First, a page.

Jukasa News Update – Monday July 23, 2018
The Attorney General has filed to appeal into the acquittal of Peter Khill for the shooting death of Jonathan Styres.
Six Nations Justice Department made the announcement Friday just after noon.
Khill admitted to shooting Styres twice in the driveway of his Binbrook home when he believed Styres was trying to steal his truck.
Khill was ruled “not guilty” by a Hamilton jury that included no indigenous people.
Two people died and a child was in hospital Sunday night after a mass shooting in Toronto’s Danforth neighbourhood.
A man wearing all black was shown in a cellphone video posted to social media Sunday night of the suspected shooter.
Police say one young woman died and thirteen other victims were injured in the shooting. The child is described as about 8 or 9 years old. Police said the gunman was also dead but did not say if he shot himself or was shot by police.
The provinces special investigations unit has been called in to assist with investigations.
A Hamilton man is facing charges after officers seized a large quantity of fentanyl in Brantford.
They say officers investigating drug activity at a Brantford motel on Wednesday arrested two men wanted on outstanding warrants.
One was additionally charged with assaulting police after allegedly attempting to spit on an officer and with possession for the purpose of trafficking after prescription pills were seized.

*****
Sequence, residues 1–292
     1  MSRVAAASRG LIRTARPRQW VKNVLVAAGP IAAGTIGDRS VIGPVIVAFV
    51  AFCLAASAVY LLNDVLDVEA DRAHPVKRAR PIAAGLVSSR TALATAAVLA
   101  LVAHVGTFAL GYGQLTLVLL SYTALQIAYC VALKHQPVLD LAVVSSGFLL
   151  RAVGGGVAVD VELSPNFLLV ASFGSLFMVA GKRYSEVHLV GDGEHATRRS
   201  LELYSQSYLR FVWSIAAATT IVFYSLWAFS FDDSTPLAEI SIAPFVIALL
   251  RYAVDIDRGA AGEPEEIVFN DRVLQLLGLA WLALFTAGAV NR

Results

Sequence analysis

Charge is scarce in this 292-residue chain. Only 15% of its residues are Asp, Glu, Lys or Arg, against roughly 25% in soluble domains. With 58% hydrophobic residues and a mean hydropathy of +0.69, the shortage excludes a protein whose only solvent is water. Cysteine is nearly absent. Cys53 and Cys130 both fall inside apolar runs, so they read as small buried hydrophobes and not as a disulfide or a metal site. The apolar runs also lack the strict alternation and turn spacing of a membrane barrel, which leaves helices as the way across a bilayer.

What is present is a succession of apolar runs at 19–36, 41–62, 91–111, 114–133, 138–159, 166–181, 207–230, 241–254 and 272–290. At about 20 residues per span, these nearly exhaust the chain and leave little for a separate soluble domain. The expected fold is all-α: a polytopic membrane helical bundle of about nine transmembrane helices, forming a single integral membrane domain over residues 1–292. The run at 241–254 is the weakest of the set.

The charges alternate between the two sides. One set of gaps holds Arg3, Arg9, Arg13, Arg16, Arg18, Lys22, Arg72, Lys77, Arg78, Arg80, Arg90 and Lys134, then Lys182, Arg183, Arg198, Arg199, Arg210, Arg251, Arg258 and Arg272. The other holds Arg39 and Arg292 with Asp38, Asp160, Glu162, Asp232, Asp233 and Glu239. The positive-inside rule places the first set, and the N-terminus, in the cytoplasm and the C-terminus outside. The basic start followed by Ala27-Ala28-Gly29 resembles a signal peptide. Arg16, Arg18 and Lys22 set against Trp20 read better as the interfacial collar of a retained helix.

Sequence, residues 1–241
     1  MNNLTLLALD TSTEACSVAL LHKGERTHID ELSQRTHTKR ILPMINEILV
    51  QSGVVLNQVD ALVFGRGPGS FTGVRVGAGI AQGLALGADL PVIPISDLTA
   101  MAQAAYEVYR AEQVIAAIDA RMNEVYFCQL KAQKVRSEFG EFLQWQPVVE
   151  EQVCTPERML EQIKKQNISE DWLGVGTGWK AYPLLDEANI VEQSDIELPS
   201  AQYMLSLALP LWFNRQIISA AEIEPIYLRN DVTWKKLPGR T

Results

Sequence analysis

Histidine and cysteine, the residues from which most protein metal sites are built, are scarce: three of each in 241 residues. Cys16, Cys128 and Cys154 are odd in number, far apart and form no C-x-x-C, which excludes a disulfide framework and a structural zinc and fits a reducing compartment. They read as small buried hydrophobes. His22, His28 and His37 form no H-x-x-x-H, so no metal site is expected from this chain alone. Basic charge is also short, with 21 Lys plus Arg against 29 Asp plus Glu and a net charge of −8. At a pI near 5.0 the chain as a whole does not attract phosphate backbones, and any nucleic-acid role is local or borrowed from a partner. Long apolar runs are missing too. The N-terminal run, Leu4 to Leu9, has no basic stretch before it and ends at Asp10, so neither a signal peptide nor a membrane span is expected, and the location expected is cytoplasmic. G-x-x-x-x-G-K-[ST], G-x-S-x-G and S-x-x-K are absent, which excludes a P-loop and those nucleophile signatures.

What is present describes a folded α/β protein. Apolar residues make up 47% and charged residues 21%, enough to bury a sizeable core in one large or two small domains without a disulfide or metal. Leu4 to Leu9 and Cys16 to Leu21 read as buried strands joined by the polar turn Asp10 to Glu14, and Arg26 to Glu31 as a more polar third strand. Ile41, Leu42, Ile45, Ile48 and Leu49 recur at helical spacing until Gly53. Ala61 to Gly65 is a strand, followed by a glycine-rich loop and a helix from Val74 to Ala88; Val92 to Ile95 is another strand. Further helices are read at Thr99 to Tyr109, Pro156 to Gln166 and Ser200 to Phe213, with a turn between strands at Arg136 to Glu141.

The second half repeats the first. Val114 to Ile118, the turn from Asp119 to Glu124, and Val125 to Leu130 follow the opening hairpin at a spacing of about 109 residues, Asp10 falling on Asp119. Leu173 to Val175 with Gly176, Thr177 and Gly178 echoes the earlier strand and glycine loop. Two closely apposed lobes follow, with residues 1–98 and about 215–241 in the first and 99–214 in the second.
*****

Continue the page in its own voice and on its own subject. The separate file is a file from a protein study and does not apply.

Investigators say the motel room used by one of the accused was searched on Thursday and officers seized more than 76 grams of fentanyl and a small amount of marijuana.
North Dakota is demanding $38 million from the federal government to reimburse the state for costs associated with policing protests against the Dakota Access oil pipeline.
An administrative claim was filed on Friday against the Army Corps of Engineers, saying the agency allowed protesters to illegally camp for months on federal land.
If the claim isn’t paid or settled in six months, the state says it will sue in federal court.
761 arrests were made by police during the occupation of the pipeline from August 2016 to February 2017.
The pipeline began moving oil a year ago, but American Indian tribes are still fighting it in court.